In sum, we hold that the terms of this collective bargaining agreement require twenty-five full work weeks,36 and Foster's failure substantially to comply in this case precludes his claim to full vacation benefits. This result is consistent with the general purpose of 459 to assure that the veteran when he returns to his pre-induction employment relationship is not disadvantaged vis-a-vis fellow employees who did not enter the military service. To hold that in this case Foster is entitled to vacation benefits, we would, in effect, be granting to the returning veteran a windfall at the expense of his employer and be discriminating against employees who are required to meet the conditions of the collective bargaining agreement if they are to receive vacation benefits. This outcome would be contrary to the intent and logic of 459.
Our determination that Foster is not entitled to full vacation benefits under the collective bargaining agreement does not prevent his asserting a claim for pro rata vacation benefits under the provision of the contract providing for such benefits.37 The district court did not decide whether Foster is entitled to such benefits.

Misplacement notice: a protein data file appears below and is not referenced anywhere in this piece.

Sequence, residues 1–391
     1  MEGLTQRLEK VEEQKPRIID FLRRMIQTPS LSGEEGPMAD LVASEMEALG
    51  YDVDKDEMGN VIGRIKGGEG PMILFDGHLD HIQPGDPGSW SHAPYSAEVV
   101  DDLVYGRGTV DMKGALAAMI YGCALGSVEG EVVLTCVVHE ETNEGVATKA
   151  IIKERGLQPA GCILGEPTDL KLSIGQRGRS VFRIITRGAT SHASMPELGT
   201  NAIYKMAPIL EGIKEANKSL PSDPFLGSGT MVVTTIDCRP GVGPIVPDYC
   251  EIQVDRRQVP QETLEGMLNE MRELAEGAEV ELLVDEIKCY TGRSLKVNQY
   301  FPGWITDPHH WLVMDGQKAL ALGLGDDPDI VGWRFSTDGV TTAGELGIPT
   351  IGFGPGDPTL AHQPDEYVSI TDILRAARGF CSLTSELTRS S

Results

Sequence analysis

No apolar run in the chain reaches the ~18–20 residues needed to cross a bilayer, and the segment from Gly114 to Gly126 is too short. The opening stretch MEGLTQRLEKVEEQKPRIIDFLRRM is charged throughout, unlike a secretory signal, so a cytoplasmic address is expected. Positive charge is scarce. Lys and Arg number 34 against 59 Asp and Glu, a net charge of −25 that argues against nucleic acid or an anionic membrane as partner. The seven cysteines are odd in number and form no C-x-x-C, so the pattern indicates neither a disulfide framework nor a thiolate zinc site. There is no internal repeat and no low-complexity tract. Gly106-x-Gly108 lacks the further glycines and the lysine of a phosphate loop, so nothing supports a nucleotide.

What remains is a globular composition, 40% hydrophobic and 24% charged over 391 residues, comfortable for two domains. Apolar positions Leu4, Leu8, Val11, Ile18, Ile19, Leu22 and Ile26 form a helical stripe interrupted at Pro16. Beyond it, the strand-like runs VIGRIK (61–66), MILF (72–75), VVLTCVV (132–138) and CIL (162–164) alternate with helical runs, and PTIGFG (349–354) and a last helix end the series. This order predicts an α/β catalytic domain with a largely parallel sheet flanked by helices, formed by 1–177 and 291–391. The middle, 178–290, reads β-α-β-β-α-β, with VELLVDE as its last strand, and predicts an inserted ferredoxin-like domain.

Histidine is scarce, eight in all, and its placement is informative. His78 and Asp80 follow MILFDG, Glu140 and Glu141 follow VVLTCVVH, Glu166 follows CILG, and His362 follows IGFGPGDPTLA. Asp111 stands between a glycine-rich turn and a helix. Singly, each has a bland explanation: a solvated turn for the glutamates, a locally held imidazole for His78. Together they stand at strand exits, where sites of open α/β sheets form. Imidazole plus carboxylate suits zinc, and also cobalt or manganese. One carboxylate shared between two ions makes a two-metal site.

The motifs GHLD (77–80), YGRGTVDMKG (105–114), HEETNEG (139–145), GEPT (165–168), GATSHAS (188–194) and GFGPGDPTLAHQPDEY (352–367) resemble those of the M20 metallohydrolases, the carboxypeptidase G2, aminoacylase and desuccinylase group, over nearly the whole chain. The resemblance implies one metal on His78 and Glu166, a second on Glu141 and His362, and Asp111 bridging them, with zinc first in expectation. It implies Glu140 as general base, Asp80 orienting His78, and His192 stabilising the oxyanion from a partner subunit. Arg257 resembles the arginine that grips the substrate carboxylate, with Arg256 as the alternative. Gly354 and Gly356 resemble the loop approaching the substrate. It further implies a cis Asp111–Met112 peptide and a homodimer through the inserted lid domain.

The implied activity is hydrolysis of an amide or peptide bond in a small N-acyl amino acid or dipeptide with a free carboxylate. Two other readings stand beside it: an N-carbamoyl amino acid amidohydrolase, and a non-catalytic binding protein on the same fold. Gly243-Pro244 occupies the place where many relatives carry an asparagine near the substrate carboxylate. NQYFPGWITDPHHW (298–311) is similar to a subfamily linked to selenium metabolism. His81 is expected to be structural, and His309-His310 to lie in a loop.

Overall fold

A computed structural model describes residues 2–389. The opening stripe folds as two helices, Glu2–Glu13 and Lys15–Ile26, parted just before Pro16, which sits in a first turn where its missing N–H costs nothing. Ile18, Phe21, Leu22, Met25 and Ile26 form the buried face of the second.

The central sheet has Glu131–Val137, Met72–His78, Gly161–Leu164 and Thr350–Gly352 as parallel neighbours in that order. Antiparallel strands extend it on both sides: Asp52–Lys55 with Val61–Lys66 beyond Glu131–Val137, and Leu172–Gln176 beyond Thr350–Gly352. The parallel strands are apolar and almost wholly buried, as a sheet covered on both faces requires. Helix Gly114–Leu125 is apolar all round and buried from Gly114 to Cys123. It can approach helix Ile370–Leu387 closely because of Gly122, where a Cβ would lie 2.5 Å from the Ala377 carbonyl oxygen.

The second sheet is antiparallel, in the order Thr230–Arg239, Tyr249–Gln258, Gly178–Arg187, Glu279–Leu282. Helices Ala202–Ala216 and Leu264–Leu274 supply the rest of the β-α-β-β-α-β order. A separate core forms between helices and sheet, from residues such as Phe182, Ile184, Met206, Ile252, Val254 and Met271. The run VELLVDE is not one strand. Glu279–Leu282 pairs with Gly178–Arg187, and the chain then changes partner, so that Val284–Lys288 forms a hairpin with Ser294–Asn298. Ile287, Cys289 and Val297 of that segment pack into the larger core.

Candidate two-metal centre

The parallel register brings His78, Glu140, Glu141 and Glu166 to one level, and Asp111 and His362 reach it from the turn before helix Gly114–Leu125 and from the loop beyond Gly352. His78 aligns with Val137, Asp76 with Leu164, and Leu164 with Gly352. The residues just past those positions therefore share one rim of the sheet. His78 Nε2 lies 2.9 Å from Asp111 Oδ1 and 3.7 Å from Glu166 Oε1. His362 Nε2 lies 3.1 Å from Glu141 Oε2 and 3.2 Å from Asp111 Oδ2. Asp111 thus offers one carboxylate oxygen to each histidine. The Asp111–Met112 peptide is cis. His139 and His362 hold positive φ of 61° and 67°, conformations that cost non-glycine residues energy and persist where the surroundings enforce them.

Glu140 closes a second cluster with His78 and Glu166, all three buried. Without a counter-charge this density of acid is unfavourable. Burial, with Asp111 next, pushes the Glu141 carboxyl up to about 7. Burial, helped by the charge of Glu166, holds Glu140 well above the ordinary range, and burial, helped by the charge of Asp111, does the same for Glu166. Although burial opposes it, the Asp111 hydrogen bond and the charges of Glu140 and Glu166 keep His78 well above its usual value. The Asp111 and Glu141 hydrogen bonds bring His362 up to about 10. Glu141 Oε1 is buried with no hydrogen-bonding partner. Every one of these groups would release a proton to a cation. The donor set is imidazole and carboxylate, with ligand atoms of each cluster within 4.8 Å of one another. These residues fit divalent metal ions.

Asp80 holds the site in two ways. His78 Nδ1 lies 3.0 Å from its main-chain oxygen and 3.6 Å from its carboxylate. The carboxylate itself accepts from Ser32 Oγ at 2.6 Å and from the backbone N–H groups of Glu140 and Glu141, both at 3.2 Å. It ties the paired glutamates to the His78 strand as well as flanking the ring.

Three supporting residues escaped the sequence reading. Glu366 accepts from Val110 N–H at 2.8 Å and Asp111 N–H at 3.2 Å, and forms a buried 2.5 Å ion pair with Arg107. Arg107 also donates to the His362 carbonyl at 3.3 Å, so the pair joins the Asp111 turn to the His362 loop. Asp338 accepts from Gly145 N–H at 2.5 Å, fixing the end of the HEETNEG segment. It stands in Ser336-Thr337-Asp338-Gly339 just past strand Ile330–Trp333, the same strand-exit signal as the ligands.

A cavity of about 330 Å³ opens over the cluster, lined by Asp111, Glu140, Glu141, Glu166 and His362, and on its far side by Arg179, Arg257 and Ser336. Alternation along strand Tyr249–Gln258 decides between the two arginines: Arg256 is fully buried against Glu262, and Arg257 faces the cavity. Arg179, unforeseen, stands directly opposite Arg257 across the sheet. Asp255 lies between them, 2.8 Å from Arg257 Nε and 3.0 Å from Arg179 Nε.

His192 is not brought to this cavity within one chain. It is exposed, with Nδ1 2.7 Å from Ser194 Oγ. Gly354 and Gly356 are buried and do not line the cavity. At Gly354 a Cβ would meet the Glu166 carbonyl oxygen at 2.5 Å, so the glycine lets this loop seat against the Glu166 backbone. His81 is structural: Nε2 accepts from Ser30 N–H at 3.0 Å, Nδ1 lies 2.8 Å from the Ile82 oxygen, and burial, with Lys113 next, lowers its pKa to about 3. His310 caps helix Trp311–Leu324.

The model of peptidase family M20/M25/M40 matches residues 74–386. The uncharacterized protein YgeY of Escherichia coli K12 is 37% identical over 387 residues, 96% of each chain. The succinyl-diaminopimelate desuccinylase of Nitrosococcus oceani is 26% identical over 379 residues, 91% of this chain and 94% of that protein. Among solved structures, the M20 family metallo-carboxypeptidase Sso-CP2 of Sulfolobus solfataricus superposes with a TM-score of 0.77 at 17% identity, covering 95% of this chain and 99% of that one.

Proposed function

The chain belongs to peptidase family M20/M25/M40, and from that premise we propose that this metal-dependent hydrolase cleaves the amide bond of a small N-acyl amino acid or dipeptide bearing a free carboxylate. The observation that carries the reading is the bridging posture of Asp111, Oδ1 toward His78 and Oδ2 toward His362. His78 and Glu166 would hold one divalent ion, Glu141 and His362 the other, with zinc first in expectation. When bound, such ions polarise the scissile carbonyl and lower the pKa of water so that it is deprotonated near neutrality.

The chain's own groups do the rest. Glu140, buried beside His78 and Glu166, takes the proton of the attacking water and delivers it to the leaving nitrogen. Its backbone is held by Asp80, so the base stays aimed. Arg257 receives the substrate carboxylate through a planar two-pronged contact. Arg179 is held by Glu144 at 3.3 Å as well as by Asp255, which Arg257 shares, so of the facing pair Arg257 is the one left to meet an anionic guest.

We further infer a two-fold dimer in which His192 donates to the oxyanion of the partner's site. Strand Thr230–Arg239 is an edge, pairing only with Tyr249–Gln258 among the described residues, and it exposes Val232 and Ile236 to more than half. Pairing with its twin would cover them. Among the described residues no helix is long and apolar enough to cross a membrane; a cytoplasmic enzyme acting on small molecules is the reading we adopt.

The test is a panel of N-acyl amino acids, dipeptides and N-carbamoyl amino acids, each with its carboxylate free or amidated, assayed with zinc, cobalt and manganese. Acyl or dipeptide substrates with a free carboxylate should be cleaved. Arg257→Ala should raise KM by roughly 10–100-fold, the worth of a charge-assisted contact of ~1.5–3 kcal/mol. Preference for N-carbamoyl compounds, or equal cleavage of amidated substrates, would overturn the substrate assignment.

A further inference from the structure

Although the complaint contains a general claim for vacation benefits, there is no specific averment relating to the pro rata benefits. The distinguished district court judge, however, after Foster's counsel adverted to the provision relating to pro rata benefits, urged the parties to reach a compromise apparently along lines suggested by the language of that provision.38 In light of these conflicting circumstances, revealed in the record, we believe an appropriate course is to remand for a determination whether the question of Foster's right to pro rata benefits was properly raised in the district court and, if so, for a decision on the merits of his claim to pro rata benefits.
Accordingly, the judgment will be vacated and the case remanded for action in conformity with this opinion.
HASTIE, Circuit Judge (concurring).
I agree and add only that, in my view, the considerations that are decisive in this case and should be most helpful to district judges in distinguishing advantages of seniority from 'other benefits' under Section 459(c), are those set out in Part V of Judge Adams' opinion.